California announces an ambitious plan to ban the sale of new gas-powered cars by 2035. Residents of Klamath River in Siskiyou County share how they’re recovering from the McKinney Fire, which destroyed most of their town. Comedian Keith Lowell Jensen joins us ahead of his comedy special at The Sofia in downtown Sacramento.
Ban on the sale of new gas-powered cars
A historic and extremely bold step to combat climate change. That's some of the praise from supporters of the California Air Resources Board's move to ban the sale of new gas-powered vehicles in the state by 2035. The board's decision is a final step in an executive order from Gov. Newsom issued two years ago, which is an aggressive move to shift the state away from its dependence on fossil fuels for daily transportation. According to the state, pollution from tailpipes account for more than half of California's greenhouse gas emissions. The decision is also expected to have a big ripple effect across the nation. But it also drew sharp criticism and raised questions about how this ambitious goal will be implemented. The state's power grid operator asked electric car owners to hold off charging their cars during flex alerts leading some to question if the state's grid can sustain an influx of EVs. Others view the move as California once again setting a lofty climate goal it may very well fall short of. To dive deeper, we've invited Professor David Rapson, an economist at UC Davis, to join us.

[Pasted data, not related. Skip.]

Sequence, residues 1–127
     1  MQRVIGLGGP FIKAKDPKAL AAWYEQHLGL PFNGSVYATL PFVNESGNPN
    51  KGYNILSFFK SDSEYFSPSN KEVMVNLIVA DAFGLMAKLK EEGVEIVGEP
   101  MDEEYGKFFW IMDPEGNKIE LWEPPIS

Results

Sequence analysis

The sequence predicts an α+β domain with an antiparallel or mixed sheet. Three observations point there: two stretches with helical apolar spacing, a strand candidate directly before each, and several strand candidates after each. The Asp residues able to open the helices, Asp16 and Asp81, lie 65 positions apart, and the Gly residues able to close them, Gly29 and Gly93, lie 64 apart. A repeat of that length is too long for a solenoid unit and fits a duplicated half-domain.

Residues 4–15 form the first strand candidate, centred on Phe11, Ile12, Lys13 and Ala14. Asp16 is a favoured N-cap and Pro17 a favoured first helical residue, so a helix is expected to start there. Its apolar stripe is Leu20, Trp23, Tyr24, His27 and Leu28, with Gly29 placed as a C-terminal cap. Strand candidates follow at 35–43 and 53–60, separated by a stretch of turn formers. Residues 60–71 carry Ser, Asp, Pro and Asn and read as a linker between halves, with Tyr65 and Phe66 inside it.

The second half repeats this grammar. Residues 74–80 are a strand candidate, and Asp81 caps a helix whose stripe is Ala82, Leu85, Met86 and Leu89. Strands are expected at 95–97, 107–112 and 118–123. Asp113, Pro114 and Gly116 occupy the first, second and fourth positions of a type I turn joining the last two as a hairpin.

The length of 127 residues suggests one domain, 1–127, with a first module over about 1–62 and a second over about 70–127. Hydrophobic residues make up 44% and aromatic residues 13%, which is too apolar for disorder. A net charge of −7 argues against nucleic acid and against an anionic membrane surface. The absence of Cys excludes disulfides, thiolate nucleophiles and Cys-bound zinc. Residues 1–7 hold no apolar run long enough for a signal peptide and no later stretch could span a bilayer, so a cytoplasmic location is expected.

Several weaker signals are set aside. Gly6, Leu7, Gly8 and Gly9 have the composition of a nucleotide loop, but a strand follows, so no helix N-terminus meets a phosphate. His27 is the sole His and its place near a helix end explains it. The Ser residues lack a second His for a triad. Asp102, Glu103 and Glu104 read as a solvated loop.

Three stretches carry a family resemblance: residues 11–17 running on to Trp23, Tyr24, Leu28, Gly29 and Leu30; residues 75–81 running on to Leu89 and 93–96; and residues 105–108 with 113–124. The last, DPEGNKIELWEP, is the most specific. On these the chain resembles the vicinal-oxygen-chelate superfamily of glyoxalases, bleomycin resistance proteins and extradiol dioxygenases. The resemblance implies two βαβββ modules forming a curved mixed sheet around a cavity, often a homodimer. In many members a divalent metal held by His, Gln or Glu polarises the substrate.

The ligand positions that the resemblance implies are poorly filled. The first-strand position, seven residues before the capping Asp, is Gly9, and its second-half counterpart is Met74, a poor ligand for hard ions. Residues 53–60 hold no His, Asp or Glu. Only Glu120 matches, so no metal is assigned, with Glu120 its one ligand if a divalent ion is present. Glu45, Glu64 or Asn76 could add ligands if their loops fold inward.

Klamath River's recovery from the McKinney Fire
For more than 70 years, the nucleus for the community of Klamath River was the community hall, a town of just 190 residents about 30 miles south of the Oregon border in Siskiyou County. From weddings to celebrations of life, school plays, monthly breakfasts, and fundraisers to benefit generations of the town, the Klamath River Community Hall connected people of this large in physical size, but sparsely populated area solidify strong bonds. But sadly, after some 80 years in existence, the Klamath River Community Hall is among most of the homes and buildings in the town that are "no more." The McKinney Fire, the largest and deadliest fire in California this year, destroyed one hundred eighty-five homes and buildings. But despite the tremendous loss, this community is returning to where the hall once stood to endure and lean on each other as they embark on rebuilding and healing that countless wildfire communities have come to learn firsthand. Insight invited two members from the community who are leading this effort. Missy Aronson is a volunteer with the Klamath River Community Hall and coordinating its efforts to connect fire survivors with resources. Janet Jones is Fire Chief of Klamath River's volunteer fire department / and part of the initial response to the McKinney Fire.
For those interested in helping the Klamath River Community Hall in their recovery efforts, you can donate on the Klamath River Community Hall Facebook Page or through a GoFundMe page they've established to help their community. Check donations can also be mailed to the Klamath River Community Hall at P.O. Box 6, Klamath River, CA, 96050.
Comedian Keith Lowell Jensen
Sacramento comedian Keith Lowell Jensen is performing at The Sofia theater this Saturday night. Keith, who has toured worldwide, shares stories of his various run-ins with the law over the years. Sometimes he's gotten arrested, sometimes, he's been let go, and sometimes, he's been roughed up. Oh, and sometimes (times four) he's landed in the drunk tank and the stories from there are quite interesting. Keith's latest show is called "What I was Arrested For," and Insight learned how he used his sense of humor at times to get out of trouble, for the most part.